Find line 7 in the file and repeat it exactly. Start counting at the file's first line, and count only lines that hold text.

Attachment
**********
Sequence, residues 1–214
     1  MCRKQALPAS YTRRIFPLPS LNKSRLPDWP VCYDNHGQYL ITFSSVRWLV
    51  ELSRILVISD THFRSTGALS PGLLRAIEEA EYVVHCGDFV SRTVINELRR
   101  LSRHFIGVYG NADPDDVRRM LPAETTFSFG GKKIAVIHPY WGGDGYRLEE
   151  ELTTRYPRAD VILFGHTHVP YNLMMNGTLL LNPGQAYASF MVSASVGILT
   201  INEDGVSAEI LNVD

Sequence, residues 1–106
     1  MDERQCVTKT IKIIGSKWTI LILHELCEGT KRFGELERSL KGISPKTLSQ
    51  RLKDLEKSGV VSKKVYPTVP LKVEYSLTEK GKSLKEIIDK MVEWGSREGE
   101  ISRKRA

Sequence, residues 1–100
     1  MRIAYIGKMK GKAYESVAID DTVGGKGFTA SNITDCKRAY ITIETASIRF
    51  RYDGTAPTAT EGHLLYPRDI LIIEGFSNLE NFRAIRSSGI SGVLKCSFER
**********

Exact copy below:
Sequence, residues 1–106